Hello everyone,

Just had a quick question for those of you that have had a total colectomy. Have any of you had a proctoscopy performed after a total colectomy? My GI doctor is wanting to "take a look" because he thinks I may have pouchitis even though I'm having only around 4 bowel movements per day. However, my stools are fairly loose at times so this may be why he thinks it is necessary. His nurse also recommended that I use an enema the night before the proctoscope exam which my surgeon originally told me NOT to ever do again after the surgery. I have been feeling progressively better over the past year and so I'm really concerned that something will irritate the pouch (such as the bowel prep or the procedure itself). If anyone has had a proctoscopy after total colectomy I would appreciate you sharing your experience and what kind of prep you did just so I can see if this is pretty typical. I plan on talking to my surgeon about this regardless of your answers but any feedback would help to lead me in the right direction. Thanks!

 

- Brad

Total Colectomy, November 2012 due to Ulcerative Colitis

Original Post

J-pouchers generally have "pouchoscopy" rather than proctoscopy. Pouchoscopy is usually performed with a flexible sigmoidoscope rather than a proctoscope, but that may be what he plans to do. It can be very reasonable to "take a look," particularly if he will take a couple of biopsies of the rectal cuff (the tiny remaining part of the colon that can still develop cancer). If your colectomy was done for cancer or dysplasia (or FAP) such screening is very important. To be honest, I delayed pouchoscopy for years until I had symptoms worth addressing. Some folks have them annually, and some are comfortable with three years or longer between.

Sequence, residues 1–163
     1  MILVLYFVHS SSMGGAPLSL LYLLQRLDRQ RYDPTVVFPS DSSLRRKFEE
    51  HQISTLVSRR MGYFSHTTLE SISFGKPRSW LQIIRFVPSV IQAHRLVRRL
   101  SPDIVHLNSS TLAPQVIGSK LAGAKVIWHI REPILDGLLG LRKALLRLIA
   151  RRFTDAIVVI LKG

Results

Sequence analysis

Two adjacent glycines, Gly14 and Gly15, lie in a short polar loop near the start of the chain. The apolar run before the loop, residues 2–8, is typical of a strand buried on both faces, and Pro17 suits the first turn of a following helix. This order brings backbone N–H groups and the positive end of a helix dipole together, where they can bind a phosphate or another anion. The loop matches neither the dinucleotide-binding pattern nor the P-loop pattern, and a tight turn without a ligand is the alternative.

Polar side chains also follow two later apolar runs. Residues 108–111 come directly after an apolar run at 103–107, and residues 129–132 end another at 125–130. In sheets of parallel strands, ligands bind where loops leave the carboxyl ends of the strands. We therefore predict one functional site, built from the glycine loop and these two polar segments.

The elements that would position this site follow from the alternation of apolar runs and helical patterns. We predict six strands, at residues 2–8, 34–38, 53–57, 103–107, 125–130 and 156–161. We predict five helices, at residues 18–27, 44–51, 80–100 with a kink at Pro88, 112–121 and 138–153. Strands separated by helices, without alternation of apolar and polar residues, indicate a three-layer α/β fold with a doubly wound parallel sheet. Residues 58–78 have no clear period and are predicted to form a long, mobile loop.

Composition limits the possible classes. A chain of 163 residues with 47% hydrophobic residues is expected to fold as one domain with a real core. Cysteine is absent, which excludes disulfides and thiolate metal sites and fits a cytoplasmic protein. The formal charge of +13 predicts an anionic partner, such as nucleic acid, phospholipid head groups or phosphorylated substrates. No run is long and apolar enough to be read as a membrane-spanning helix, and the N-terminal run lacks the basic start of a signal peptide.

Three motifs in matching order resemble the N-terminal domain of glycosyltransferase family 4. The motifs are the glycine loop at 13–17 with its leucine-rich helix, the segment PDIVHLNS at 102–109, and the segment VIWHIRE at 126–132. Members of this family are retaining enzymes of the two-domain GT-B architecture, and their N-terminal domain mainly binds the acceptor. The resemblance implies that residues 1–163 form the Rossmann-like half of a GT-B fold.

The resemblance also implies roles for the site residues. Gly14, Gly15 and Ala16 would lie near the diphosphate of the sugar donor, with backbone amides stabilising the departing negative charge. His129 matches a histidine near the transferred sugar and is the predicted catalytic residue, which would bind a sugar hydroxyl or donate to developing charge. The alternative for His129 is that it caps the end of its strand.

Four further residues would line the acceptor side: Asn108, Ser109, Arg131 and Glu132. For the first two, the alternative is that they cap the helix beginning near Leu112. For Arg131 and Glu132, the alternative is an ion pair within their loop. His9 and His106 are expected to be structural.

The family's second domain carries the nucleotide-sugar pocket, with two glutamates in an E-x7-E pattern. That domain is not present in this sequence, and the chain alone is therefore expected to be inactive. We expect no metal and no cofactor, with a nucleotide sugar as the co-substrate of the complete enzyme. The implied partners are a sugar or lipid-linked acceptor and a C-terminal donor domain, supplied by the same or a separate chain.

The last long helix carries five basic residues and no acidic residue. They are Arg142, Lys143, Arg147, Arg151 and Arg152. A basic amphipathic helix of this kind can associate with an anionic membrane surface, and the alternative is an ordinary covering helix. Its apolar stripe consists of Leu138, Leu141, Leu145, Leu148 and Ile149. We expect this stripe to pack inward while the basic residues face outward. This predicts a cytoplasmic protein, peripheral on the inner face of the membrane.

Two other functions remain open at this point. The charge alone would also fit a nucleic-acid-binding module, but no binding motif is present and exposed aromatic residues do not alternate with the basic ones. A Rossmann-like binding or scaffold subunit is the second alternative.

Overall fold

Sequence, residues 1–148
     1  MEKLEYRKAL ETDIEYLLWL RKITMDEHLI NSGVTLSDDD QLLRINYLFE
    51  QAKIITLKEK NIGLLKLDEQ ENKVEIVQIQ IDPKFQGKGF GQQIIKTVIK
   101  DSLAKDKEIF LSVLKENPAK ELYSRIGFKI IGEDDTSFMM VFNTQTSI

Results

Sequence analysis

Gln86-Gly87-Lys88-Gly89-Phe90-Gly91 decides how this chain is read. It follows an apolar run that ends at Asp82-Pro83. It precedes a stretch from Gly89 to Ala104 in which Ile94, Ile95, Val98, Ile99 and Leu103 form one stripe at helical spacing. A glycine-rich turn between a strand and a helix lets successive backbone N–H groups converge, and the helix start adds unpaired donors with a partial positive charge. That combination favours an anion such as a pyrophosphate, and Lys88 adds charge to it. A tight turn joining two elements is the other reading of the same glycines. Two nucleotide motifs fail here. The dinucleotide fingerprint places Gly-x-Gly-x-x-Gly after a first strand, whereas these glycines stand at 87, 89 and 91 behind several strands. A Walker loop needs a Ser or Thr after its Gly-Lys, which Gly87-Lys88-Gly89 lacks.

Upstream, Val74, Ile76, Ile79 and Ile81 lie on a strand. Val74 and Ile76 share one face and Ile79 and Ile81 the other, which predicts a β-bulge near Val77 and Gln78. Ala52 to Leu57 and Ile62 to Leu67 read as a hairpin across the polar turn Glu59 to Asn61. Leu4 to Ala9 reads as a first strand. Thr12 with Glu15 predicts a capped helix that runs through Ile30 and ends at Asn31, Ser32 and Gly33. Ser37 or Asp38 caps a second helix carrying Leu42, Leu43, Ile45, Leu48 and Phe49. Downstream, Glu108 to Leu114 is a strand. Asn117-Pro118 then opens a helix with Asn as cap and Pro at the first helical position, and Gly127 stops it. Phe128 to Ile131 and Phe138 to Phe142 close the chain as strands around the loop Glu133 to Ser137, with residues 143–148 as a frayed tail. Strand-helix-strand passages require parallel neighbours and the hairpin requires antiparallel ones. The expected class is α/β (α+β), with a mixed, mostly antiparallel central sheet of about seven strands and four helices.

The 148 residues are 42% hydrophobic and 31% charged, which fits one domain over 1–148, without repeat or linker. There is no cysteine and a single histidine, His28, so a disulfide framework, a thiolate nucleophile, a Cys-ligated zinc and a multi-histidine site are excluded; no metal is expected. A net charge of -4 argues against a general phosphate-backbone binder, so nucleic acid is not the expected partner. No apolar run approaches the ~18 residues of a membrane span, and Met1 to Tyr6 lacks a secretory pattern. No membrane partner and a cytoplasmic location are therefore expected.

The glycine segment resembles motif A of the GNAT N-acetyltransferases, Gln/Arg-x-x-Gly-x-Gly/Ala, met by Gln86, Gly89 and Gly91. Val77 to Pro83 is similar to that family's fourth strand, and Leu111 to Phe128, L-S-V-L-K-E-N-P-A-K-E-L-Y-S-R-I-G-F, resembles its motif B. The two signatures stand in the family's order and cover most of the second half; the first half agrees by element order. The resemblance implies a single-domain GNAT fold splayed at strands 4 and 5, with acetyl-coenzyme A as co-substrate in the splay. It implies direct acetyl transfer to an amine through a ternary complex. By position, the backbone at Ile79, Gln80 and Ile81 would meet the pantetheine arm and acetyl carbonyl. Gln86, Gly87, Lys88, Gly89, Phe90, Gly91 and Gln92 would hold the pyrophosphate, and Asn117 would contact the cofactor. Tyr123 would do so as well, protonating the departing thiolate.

Loose stools are completely normal for a J-poucher, though ideally they're more like pudding than water. If you want more formed stools then soluble fiber (e.g. Metamucil or Citrucel) is a better idea than antibiotics (IMO).

 

The prep should be very basic - an enema or two prior to the scope. 

 

It is routine to check a pouch (pouchoscopy) annually with biopsies if dysplasia were found in your colectomy pathology report or you had surgery due to this.

 

Four stools a day does not sound like pouchitis to me, especially if you are not experiencing other symptoms (cramps often in waves, urgency, increased frequency, anal burning, night time leakage, sweats, fatigue). You usually know when you have pouchitis, but people can have some inflammation (very common in pouches) and be asymptomatic. My GI says she often has to drag her patients who are feeling well in for an annual scope.

 

If you feel this should be done as a routine check to also biopsy the remaining cuff (which is a very good idea), then I would agree to it. I have had more pouchoscopies than I can count and I do sometimes have issues for a few days after the biopsies are taken, but I also have a dilation done at the scope time due to a re-curing stricture at my anastomosis, so this could be one reason I have some struggles (if you read my prior posts, I have had many complications with my pouch). You should be fine if you opt to have the procedure done.

 

 .  

I agree, periodic scoping is routine, so don't worry about that. However, an enema the night before will do absolutely nothing as a prep. Like spitting in the ocean. Even a few hours before is worthless. My doc just has me do tap water enemas until clear before I leave the house. Not sure why your surgeon told you to never have an enema again. Seems rather extreme to me.

 

Jan

My surgeon and GI basically make me NPO (nothing to eat or drink) at midnight.  However, I, to be "safe" for good, clear photos take a half dose of MOM at night (15mls), and then before the test do one or two tap water enemas (I empty a Fleets and fill with warm water from the tap).  That seems to be plenty, and I've always had no issues with doing things this way. 

 

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